Step 6: How to Manage Water in a Hydroponic Grow System

While a hydroponic might seem a lot more complex than growing outdoors or using soil at the first glance it will only take you some time to learn and study but it will be far less work when set up. Your plants basically live off light, water and nutrients. We have discussed grow lights before, so today we will be looking into the science of water management to improve your yield. Read more >>>

Step 7: How to Use Nutrients to Maximize Your Yield

To take your growing operation to the next level, we will discuss the main ideas and best practices for hydroponic nutrients today. Your plants need the best light, water, and nutrients to grow and flower. The better you take care of them, the more they will reward you with great yield. There are some principals to follow when using nutrients. Read more >>>

Step 8: Taking Care of Your Plants While Vegging

After the process of propagation, small and fresh baby plants have now started to grow. You might have used a special growth medium or a plastic dome to grow them initially. Now you have brand new marijuana plants to take care of. It is time to find their spot in your grow room and start improving their health, strength, and shape. Read more >>>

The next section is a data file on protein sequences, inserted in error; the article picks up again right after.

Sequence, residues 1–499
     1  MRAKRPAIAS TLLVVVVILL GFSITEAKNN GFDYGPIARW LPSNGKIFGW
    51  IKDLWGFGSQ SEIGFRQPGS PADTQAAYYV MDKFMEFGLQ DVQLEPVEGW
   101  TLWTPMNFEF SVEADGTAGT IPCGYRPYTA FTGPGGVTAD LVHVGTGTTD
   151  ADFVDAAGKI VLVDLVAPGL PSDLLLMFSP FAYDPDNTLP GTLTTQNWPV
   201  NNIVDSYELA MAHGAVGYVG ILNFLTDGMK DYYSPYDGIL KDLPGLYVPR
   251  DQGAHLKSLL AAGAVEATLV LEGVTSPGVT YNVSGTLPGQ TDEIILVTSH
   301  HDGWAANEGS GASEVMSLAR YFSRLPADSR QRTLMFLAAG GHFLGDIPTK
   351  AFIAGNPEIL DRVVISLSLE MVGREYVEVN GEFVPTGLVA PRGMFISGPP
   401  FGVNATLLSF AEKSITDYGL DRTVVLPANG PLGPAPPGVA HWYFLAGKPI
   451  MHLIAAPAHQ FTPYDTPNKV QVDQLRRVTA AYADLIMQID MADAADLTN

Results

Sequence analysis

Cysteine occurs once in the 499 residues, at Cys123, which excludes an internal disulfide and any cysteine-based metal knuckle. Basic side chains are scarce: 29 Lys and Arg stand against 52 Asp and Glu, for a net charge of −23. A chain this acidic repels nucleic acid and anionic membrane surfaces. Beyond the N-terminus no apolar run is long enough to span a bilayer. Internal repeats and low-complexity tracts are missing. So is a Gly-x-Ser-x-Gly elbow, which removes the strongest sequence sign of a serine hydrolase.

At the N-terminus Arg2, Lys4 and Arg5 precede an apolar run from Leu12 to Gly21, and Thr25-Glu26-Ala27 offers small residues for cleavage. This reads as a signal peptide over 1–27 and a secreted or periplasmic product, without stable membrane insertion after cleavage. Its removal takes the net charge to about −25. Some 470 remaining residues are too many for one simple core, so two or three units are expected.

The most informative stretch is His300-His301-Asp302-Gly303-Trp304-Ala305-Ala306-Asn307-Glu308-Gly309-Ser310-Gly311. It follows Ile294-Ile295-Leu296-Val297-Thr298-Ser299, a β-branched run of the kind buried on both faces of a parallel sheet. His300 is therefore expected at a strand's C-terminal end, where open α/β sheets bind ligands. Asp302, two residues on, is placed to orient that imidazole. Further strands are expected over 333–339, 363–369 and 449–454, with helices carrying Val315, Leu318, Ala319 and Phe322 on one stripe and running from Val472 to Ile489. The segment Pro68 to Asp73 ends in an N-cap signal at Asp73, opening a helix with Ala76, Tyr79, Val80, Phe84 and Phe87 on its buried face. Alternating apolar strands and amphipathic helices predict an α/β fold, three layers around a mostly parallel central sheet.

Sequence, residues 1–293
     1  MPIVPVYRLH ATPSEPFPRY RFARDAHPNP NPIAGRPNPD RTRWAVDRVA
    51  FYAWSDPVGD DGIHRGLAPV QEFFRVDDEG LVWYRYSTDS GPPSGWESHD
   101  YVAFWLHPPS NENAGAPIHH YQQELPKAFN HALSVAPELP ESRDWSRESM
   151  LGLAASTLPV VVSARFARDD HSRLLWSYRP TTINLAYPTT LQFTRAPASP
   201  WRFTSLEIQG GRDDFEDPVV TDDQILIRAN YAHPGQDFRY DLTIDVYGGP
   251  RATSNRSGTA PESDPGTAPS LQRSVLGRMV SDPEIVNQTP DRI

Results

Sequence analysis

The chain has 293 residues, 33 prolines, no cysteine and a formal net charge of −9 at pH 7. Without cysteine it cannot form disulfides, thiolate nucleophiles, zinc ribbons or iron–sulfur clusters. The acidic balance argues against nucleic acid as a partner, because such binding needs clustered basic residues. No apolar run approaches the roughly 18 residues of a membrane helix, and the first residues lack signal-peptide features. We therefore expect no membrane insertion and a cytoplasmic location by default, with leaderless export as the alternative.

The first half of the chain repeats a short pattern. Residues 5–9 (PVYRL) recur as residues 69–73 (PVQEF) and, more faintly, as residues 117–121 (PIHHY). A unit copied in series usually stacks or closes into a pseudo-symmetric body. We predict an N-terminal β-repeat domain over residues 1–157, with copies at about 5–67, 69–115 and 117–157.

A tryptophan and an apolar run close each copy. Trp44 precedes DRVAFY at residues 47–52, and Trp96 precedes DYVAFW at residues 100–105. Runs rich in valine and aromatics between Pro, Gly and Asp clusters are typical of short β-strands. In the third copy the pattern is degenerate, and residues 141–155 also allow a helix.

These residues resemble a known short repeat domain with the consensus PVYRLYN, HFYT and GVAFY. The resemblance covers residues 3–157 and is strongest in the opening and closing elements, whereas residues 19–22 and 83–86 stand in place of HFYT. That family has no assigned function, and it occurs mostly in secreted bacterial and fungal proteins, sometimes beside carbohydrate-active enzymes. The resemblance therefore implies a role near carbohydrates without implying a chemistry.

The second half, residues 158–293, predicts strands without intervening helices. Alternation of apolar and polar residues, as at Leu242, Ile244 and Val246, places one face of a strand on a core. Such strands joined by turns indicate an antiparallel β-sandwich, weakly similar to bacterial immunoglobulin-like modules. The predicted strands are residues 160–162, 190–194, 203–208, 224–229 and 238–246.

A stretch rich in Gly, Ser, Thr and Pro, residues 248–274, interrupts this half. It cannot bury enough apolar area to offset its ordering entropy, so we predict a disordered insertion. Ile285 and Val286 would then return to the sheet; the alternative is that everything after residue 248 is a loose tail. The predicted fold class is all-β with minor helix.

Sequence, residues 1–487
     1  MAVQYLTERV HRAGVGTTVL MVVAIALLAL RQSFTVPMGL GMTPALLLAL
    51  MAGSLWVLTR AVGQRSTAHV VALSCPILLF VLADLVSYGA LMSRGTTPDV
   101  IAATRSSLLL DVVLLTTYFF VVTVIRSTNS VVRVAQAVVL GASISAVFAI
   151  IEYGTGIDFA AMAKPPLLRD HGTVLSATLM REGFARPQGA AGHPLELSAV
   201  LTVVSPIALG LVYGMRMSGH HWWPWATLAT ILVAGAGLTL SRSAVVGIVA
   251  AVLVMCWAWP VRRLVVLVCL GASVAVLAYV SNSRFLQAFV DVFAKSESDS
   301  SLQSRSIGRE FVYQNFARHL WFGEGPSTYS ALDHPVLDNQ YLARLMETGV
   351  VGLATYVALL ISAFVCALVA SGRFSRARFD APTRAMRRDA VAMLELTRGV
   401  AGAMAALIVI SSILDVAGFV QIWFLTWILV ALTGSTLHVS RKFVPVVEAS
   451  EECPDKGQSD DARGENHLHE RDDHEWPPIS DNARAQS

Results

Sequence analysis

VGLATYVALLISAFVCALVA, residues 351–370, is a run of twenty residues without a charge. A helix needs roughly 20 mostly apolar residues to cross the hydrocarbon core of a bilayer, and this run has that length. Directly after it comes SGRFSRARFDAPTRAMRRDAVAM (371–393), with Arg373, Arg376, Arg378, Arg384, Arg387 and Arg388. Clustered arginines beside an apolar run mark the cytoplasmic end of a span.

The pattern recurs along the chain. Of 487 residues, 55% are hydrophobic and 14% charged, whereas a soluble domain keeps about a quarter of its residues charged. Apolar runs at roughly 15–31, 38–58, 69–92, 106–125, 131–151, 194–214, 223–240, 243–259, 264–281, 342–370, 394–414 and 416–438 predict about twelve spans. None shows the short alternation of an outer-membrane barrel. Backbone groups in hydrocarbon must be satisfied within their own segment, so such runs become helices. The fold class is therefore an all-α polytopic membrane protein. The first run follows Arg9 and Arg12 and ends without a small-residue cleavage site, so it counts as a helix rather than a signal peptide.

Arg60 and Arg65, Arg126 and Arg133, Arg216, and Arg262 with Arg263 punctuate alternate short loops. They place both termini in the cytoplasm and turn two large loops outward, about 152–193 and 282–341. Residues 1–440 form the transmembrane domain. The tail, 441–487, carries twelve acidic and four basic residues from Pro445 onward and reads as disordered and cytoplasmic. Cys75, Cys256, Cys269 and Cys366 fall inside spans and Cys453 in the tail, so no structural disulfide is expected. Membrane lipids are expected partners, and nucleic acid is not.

Step 9: Taking Care of Your Plants in the Flowering Stage

The flowering stage is the moment we all have been waiting for. For you, as a professional grower, this is the most important part of growing marijuana. Let’s discuss how you can take care of your flowering cannabis and grow the best yield ever. Read more >>>

Step 10: Best Tips for Harvesting Cannabis

It’s time to harvest your cannabis. You have grown your plants from seeds. You have taken care of their lights, their water supply, and their nutrient levels. You have given them the best care and optimized your indoor production to create the best environment for your plants. Your small plant with a few leaves has matured into a full-blown plant with heavy buds. Congratulations, you have come far. Read more >>>

Grand Finale: Drying & Curing Cannabis – Climax of Your Cannabis Production

After many weeks of taking good care of your plants, the moment of truth has arrived. You’ve picked the perfect time for harvesting and you’ve started cutting down your plants. In the process of manicuring, you will be removing all the leaves from your plants. Now, all you are left with are your buds. Read more >>>